A rational way to begin research and development into such an ITS would be to start from first principles. The problem, then, lies in deciding which theories of language and pedagogy may prove useful to us. We shall begin with a brief survey of NLP [natural language processing] techniques/theories that form the foundation of our system (Wilks & Farwell, 1992, p. 263).

Another project description suggests that along with the computational linguist, the instructional designer comes into play in CALL design:

One key to building robust dialog and animation exercises appears to be predicting and controlling the likely variation in what students will say. This calls for negotiation between an instructional designer, on the one hand, and a computational linguist on the other (Holland, 1995, p. 231).

Holland goes on to say that the success of the predicting and controlling must be assessed "via user testing," which means observation of the learners' interaction with the program, but it is not clear how "user testing" would be informed by SLA research.

SLA does come into play in Holland's scheme insofar as it is represented by "communicative language theory." When it comes to issues of language teaching and learning,

the instructional designers and language teacher are concerned with effectiveness of instruction, usability of interface, authenticity of lesson content and what we might call 'pedagogical correctness,' such as adhering to the tenets of communicative language theory, if that is the guiding philosophy (Holland, 1995, p. 233).

However, the author's understanding of "communicative language theory" is not explained; nor are its implications for investigating CALL's effectiveness.

A book published in 1995 on intelligent tutoring systems for foreign language displays the same fragile foundation for the many otherwise ambitious and interesting projects reported. The editors describe the problem as follows:

This book bears out Oxford's claim (Oxford, 1995) that few ICALL [intelligent computer-assisted language learning] projects attend to theories of how people learn or how they might learn best. Many systems are designed solely or partly by computational linguists whose focus is NLP, not the psychology of the learner. How that psychology should be addressed--and whether a priori, empirically, or through some interaction--remains the interesting issue (Holland, Kaplan, & Sams, 1995, p. 314).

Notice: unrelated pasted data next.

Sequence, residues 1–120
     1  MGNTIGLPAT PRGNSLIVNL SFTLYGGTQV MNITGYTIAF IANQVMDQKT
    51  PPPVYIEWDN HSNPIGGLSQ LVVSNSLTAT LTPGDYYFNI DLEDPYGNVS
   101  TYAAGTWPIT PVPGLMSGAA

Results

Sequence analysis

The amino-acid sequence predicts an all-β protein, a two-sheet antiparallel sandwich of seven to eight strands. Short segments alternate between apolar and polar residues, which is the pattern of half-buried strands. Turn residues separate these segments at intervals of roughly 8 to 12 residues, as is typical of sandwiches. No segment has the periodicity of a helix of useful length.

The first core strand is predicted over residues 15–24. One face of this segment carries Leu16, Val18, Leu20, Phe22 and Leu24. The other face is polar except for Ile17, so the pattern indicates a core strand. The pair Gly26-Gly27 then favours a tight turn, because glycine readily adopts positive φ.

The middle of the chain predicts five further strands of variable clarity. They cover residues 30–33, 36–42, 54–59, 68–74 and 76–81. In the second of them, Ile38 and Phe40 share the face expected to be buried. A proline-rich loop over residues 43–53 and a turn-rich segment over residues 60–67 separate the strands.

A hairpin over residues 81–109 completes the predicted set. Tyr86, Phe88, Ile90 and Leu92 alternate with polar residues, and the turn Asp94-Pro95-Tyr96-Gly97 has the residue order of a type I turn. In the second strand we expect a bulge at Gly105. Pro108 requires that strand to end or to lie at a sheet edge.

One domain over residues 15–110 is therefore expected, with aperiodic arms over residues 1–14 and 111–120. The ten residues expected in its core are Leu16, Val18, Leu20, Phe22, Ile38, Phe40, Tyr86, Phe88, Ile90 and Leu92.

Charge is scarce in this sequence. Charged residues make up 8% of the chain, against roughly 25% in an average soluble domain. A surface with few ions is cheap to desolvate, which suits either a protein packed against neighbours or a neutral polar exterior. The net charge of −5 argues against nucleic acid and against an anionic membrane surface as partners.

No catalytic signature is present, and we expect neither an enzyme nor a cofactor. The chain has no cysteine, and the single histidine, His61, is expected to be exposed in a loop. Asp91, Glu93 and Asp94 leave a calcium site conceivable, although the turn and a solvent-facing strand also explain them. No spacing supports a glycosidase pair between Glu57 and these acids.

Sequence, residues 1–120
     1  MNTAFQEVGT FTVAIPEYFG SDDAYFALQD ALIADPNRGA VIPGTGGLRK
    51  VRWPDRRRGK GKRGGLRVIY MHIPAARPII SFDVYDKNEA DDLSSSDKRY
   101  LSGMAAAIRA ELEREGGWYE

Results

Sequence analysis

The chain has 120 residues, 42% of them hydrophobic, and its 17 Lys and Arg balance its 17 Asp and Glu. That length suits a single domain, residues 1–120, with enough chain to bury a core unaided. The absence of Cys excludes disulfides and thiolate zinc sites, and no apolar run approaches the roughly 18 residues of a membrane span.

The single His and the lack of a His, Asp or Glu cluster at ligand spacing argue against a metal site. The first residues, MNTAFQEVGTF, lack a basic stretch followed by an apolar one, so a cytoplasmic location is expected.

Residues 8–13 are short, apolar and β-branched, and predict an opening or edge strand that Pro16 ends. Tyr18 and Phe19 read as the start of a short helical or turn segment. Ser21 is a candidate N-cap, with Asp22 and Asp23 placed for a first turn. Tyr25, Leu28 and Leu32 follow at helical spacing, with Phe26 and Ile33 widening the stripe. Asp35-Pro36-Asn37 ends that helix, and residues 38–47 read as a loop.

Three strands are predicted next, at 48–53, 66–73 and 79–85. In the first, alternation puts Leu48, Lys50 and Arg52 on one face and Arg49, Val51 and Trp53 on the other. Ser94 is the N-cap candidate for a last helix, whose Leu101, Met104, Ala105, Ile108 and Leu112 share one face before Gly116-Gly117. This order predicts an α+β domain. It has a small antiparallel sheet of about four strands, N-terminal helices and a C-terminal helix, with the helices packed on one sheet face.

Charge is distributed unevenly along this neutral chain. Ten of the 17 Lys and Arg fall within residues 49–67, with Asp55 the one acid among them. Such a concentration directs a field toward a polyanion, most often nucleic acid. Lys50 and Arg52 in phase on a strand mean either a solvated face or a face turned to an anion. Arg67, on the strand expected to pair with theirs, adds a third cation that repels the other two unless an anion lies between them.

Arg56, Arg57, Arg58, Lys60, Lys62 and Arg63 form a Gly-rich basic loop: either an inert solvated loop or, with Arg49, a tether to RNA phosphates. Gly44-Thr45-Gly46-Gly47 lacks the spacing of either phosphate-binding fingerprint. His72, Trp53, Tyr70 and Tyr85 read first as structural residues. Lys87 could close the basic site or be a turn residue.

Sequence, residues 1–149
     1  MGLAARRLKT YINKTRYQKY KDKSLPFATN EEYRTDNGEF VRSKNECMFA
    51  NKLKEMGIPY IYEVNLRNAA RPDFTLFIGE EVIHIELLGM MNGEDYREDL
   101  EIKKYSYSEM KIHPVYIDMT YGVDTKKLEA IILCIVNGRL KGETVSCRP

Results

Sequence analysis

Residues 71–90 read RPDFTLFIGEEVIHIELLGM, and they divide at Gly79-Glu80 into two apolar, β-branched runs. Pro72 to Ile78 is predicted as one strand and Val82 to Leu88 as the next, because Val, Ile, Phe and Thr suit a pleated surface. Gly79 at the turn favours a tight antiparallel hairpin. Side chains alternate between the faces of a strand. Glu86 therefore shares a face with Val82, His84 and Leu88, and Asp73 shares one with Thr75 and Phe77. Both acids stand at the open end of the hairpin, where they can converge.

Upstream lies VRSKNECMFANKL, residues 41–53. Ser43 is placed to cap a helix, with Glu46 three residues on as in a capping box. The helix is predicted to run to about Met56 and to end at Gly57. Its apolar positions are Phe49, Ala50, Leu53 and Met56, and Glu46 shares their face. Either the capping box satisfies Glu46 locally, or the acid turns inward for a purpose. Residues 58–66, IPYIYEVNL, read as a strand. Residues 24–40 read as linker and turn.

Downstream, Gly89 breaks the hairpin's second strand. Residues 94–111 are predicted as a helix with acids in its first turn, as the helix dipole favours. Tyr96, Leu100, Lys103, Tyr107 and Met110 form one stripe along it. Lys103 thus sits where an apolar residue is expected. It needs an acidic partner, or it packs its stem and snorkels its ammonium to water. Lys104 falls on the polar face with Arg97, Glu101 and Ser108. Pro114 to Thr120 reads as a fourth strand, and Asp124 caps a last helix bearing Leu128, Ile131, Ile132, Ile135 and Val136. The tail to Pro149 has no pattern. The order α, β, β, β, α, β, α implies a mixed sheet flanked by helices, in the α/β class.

Even in pointing to the problem, the editors do not allude to a solution involving work in SLA.

Why is there such a dissonance between even the most technically sophisticated work in CALL and SLA research? One reason appears to be a lack of confidence in what SLA research can reasonably be expected to offer. For example, several years ago the report of a large scale CALL research project was introduced as follows:

There is no doubt that the evaluation of what has been called 'language teaching' necessitates a theoretical framework, a theory of foreign language learning, which has to supply the criteria for the evaluative process. As we all know, such a theory does not exist yet and probably neverwill. In research on second language acquisition and foreign language learning, however, a number of general principles have emerged which seem to be accepted by most L2 researchers (cf. 9, 13, 2 [from the same volume]). It seems legitimate to adduce these principles for assessing language teaching materials and the role of the microcomputer as a focal point in classroom activities (Legenhausen & Wolff, 1992, pp. 10-11).

These researchers did in fact develop methods for describing CALL use, arguing that such research could either take the perspective of the learner as communicator or the learner as manipulator. When they investigated the "learner as communicator" they adopted discourse analysis methods similar to those of L2 classroom researchers.

Several years later, however, another author similarly argues in a review article that CALL research suffers from our lack of knowledge about SLA:

The greatest obstacle to the assessment of CALL's efficacy is that (still) 'we know rather little [about SLA], and a great deal of what we do know derives not only from psychologists, but also from various sub-branches of linguistics (Bailin, 1988)' (Liddell,